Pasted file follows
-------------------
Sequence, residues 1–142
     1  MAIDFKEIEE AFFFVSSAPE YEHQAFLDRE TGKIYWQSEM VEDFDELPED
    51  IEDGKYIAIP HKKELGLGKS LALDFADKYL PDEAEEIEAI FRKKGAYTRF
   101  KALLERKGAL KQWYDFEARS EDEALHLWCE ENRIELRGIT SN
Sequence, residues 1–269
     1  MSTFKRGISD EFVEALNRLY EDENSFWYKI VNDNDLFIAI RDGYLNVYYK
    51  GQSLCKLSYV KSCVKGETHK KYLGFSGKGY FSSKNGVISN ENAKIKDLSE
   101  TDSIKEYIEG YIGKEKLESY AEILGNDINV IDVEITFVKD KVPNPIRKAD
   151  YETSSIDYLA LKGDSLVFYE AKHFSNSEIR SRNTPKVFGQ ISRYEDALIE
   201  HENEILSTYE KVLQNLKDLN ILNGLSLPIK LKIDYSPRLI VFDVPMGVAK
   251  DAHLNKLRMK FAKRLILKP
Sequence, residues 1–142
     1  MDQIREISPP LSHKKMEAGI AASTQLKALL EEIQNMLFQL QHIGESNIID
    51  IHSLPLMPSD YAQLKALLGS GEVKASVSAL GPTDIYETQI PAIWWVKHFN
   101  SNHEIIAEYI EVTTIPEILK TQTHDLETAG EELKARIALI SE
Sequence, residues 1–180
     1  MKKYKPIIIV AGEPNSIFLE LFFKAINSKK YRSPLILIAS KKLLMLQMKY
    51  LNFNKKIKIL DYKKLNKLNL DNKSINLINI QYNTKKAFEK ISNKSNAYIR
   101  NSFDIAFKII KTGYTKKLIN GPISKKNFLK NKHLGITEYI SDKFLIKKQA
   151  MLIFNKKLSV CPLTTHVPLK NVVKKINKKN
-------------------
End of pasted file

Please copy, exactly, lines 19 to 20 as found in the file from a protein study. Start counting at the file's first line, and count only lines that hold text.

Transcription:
   101  NSFDIAFKII KTGYTKKLIN GPISKKNFLK NKHLGITEYI SDKFLIKKQA
   151  MLIFNKKLSV CPLTTHVPLK NVVKKINKKN